For over two weeks, we push all boundaries of healthy family bonding time by stuffing our togetherness into a minivan with every nook and cranny crammed with boxes of cheap travel toys, snacks, laundry detergent and a very minimal wardrobe for each family member. (Except Lance, voted “most likely to overpack” by his wife.)
In addition the overly-full-minivan, our accommodations are often past capacity throughout the trip. While I love to experience a city’s unique personality through its’ local lodging, we also like to balance the hard work of this trip with the reliable amenities we find at both Hampton Inn and Holiday Inn Express. These places are similar in many ways, but Hampton Inn is a little bit more expensive (and also a little nicer). Both suit our family well, so the decision was often made on the road based on location & availability. We try to find an occasional local spot throughout our long travels. Keep reading!
Specifically, What Type of Accommodations Do We Use?
Since we have a large family of little people (with 4 kids ages 6-12), we can lodge in one of the following: a one-bedroom double queen, two adjacent/connecting double queens, a family suite, and often times with a pull-out-sofa or rollaway. Sometimes we scrimp and sometimes we splurge on accommodations, based on our mood and plans for the next day. We travel with 2 sleeping bags because we often find one or two people might need to sleep on the floor. Extra pillows are not necessary. Laundry Services are a must for our travels. Swimming pools are also important for family morale.
The Route (Part 1):
Boone & Blowing Rock, NC
Our first night of travel was a short overnight stay and a deep stretch on the campus of Appalachian State. Our trip began during final days of May, so the rhododendrons of North Carolina were showing off in the most magnificent way. This was a simple and quick stay, so we missed we didn’t explore much of Boone or Blowing Rock. We were pleased with our stay in the Meadowbrook Inn, and took off early the next morning for Virginia!
New England is rich with American history, but with young children, we knew we had to pace ourselves with the history lessons. We enjoyed a tour of the historic Mitchie Tavern & Monticello, and had a good run on the lawn of UVA. (Monticello and the UVA Rotunda both designed by self-taught architect – and President, Thomas Jefferson). We ate a great dinner at The Local, but if we had longer, I’d love to eat at all the yummy restaurants listed here and here. Next Trip to Virginia, we will have to check out the things we missed: Jamestown, Colonial Williamsburg, Mount Vernon or some of these or these other places!
Philadelphia was a beautiful place, so full of symbolism for our country. And by the way, I love symbolism.) We began our time experiencing the historic sites of downtown – the Liberty Bell and the U.S. Mint, Although still unable to engage my family in testing out of New England seafood, I finally coerced them into a communal testing of a Philly Cheesesteak in Philadelphia. Since I have two gluten-free in my family (one with Celiac Disease and another who is gluten-sensitive), we searched for the best gluten free cheesesteak and settled on Joe’s Steaks + Soda Shop. While in the Fishtown neighborhood of Philly, I grabbed a coffee at the coolest coffee shop – La Columbe. We just scratched the surface in Philadelphia. Next time we visit, I’m using all of these lists as a resource! Try this or this or this or this guide. Or this and this and this for food! Or check out this instagram worthy spots listed here!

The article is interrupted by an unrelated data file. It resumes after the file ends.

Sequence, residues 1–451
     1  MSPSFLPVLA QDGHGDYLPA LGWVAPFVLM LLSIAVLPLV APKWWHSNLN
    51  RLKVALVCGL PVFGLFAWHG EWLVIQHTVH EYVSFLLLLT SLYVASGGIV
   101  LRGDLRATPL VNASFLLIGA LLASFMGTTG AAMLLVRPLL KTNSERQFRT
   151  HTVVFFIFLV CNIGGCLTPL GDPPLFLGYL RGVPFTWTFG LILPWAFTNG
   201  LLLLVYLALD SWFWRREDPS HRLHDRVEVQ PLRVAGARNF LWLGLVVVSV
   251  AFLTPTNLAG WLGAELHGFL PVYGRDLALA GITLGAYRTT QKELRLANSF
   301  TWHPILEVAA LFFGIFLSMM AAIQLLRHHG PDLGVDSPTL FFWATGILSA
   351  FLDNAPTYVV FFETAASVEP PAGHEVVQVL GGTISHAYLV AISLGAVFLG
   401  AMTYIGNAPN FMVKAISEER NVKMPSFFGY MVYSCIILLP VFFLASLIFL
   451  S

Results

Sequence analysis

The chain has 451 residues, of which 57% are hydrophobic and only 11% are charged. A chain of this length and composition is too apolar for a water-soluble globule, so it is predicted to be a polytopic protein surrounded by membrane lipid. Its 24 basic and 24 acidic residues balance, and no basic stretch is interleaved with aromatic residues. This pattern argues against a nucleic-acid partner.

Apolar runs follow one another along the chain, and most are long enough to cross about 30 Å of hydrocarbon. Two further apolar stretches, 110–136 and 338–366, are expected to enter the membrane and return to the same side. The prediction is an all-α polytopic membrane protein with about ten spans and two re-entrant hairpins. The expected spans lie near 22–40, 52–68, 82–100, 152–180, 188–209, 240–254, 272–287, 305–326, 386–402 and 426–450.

I can’t say much about Delaware. I’m sure it’s lovely. We stopped for a stretch. I’m sure one of you can tell me what to do in Delaware. Right?
Cape May, New Jersey
Many of our destinations came not through research, but through a quick and informal polling of friends. I had no other knowledge of many of travel spots outside of their name. So it was with great surprise to discover the charming and quiet streets of Cape May, full of Victorian houses, bright colors, and inviting front porches. We were happy with our stay at the beachfront Inn of Cape May, the oldest hotel in town with weaving halls and tiny rooms that suited our family quite well. (Congress Hall is also a highly recommended hotel). This point in our tour began to be peppered by the occasional seaport lighthouse, a novelty for a Southern-born-and-raised-family like mine. We spent the evening at play on the water, and took to the water the next morning, with Miss Avalon’s Dolphin Tour. The deep sea fishing tour was highly recommended to us, although it was a longer expedition on the water, so was not the most suitable for our family.
On our way to Rhode Island, we briefly stopped through the areas of Mystic & Seaport, Connecticut. I popped into the super-charming M/Bar for a cup of coffee and design inspiration, of which they had plenty of both. I highly recommend the area, although we didn’t spend much time, it looks like there are several ways to enjoy the city. Not to mention, this is the home of the famous pizza shop (you might remember its’ namesake movie, Mystic Pizza!) We stumbled upon a book sale at their stunning library. Here are some other suggestions of things to do in Mystic Country!
So that is it for now! I can’t wait to share with you the rest of our trip and my FAVORITE new-to-me-city!